Depression: facts, myths and tips for feeling better
Depression is very common. Nearly 20% of the U.S. population experience a
significant depression during their lifetime.
Depression is treatable. Because depression affects so many, and can have such a
powerful and negative impact on life, there has been an enormous amount of research
conducted on how to reduce symptoms and improve functioning. As a result, we now
know there are behaviors YOU can engage in to make yourself feel better.
Depression is not a weakness. People suffer from depression for a variety of reasons,
biological, environmental and behavioral. Research indicates that “mental weakness”
is NOT one of the reasons people become depressed.
Depression is not something you are powerless against. Evidence suggests that you
can directly impact the intensity and duration of depression by what you do and by
altering the way you think about certain things.
The Downward Spiral
Depression often begins as a drop in mood due to an environmental or biological
trigger that makes people feel less like being active. Being less active, in turn, often
causes people to experience an even lower mood and feel even less like being active,
and so the cycle begins...
Low mood begins and you
feel like doing less.
You stop doing the
things you enjoy and
become less active.
Your low mood becomes
even lower and you feel like
doing even less.
Cycle continues until you begin to completely
isolate and cease all pleasurable activities OR you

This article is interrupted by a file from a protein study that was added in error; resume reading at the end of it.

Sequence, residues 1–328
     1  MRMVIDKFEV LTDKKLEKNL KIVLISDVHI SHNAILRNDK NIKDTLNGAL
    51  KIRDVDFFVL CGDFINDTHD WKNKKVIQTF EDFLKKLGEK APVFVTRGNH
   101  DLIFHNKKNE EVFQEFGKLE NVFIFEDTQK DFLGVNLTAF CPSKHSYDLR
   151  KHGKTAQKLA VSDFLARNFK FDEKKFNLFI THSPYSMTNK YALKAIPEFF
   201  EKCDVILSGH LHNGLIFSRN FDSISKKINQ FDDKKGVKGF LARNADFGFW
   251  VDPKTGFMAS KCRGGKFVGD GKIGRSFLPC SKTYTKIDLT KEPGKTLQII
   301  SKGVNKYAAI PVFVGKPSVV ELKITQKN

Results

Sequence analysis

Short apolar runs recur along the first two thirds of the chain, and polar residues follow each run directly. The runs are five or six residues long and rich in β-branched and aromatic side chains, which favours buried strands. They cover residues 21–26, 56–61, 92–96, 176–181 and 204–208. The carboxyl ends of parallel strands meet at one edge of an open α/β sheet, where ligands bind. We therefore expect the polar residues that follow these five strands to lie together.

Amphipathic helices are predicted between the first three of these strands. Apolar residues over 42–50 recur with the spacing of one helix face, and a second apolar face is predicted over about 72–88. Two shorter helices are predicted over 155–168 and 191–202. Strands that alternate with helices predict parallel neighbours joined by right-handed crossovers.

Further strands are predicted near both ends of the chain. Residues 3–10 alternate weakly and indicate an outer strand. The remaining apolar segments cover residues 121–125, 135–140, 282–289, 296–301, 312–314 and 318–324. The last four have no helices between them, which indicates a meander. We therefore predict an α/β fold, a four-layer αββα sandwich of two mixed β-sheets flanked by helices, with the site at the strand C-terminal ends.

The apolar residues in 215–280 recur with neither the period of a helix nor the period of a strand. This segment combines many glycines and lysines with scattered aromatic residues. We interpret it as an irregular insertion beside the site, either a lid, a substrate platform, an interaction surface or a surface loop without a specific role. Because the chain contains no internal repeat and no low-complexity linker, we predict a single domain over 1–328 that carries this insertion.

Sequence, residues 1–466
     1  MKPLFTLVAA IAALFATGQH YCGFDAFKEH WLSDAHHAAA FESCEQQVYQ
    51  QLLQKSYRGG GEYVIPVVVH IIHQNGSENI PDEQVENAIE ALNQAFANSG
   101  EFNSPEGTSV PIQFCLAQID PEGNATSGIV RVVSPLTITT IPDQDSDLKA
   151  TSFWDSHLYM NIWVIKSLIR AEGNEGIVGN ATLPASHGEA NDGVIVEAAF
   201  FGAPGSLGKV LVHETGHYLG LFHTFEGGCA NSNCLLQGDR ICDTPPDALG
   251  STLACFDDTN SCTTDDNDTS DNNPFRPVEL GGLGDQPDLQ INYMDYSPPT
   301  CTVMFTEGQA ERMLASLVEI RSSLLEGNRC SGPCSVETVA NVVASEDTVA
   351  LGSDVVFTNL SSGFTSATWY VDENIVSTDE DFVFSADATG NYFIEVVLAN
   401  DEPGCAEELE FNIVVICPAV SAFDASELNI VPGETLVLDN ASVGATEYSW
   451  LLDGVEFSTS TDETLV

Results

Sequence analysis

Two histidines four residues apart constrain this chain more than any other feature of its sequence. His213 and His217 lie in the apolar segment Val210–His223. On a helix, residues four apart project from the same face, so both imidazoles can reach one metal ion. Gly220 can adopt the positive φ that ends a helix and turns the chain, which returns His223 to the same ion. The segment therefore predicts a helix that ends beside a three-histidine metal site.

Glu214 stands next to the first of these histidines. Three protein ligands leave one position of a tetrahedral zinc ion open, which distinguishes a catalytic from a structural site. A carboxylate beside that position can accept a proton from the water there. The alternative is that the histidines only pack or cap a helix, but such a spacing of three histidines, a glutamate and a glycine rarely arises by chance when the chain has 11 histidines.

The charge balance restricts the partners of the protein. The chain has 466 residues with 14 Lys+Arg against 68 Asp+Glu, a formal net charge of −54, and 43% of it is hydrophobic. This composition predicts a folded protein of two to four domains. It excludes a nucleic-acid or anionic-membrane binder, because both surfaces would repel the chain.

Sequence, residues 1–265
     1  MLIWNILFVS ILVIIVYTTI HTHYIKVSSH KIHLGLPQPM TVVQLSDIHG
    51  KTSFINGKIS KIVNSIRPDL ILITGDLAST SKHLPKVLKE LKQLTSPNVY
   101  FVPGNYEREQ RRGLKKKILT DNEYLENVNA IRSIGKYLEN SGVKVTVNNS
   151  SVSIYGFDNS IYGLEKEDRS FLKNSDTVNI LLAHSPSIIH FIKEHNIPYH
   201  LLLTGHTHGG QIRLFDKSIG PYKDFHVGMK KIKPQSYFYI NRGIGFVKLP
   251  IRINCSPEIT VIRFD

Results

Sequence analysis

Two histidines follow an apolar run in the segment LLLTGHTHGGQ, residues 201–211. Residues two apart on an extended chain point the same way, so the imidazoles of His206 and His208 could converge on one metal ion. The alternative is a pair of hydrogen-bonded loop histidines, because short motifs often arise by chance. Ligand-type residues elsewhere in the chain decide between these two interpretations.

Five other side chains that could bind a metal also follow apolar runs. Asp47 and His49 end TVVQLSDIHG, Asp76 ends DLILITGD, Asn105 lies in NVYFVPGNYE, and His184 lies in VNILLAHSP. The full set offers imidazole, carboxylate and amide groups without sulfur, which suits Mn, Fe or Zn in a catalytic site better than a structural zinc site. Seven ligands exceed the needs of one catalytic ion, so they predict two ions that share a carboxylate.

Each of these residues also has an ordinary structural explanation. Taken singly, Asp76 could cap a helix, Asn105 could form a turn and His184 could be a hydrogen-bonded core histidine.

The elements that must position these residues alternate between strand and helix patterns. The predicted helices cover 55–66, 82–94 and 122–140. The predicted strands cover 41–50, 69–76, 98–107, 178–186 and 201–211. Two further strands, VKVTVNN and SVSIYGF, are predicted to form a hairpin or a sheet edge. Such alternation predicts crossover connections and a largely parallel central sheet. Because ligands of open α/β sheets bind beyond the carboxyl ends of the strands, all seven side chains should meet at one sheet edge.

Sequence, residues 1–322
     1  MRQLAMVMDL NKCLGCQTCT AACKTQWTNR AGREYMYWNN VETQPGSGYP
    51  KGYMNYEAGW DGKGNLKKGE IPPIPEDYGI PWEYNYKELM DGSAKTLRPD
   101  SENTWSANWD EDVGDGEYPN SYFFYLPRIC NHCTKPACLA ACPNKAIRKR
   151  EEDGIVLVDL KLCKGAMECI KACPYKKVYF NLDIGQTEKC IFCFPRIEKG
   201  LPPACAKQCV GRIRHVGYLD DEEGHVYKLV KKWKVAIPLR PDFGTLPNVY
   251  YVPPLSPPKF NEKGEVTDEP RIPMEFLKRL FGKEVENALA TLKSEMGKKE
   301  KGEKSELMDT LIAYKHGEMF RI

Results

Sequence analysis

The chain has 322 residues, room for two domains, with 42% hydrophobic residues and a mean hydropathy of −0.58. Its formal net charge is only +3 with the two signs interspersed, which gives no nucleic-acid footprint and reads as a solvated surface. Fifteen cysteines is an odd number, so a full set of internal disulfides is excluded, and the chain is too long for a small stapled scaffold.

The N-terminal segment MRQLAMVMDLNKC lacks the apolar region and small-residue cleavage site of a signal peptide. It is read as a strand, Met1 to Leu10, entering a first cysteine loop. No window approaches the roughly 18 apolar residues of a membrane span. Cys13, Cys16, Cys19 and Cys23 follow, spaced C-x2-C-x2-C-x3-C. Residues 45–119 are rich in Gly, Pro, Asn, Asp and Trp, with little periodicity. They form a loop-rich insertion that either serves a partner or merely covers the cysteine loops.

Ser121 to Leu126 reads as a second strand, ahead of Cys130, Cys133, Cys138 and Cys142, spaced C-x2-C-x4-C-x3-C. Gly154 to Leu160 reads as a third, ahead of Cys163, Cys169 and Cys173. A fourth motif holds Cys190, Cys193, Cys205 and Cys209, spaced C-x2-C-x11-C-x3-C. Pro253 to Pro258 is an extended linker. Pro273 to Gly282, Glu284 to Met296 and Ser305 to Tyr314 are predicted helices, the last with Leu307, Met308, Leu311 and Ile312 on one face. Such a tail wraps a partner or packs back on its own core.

reverse the cycle.
Now that I know some facts about depression, how can I start feeling
• The first and best way to reverse the downward cycle is to get active! Your
body produces its own anti-depressants every time you exercise or do
something pleasurable. Regular exercise is one of the very best ways to
improve your mood. In fact some studies have shown that a solid exercise
program is as effective as psychotherapy or anti-depressant medication for
*See physical activity section of handout
• Force yourself to do something you found pleasurable before depression.
This may be different for everyone and it doesn’t matter if its gardening,
playing bridge, walking, reading a novel, or simply talking to a close friend.
What matters is that YOU find the activity pleasurable! Even if you don’t
feel like doing something pleasurable for yourself, DO IT ANYWAY. We call
this the “fake it until you make it” principle.
• Educate yourself! Often people feel powerless against medical conditions
because they do not understand what is happening in their body. Just by
reading this handout you know more than most people about depression.
Knowledge is power when you can apply it, and make yourself feel better.
*See recommended reading list at the bottom of this handout
• Begin to notice unhealthy and unhelpful thoughts! In addition to how we
behave, how we think influences our mood directly. Notice recurrent or
alarming thoughts that have an impact on your mood. Ask yourself “is this
type of thinking helping me or hurting me?” if your answer is “its hurting
me” here are some things you can do:
*see “disputation of negative thoughts” section of handout
Challenge the negative thought. Is it truly accurate? Where’s the
proof? Become your own scientific investigator and collect the facts.
Reframe the negative thought. How can I think differently about this
problem, situation, or view of myself? Allow yourself to view a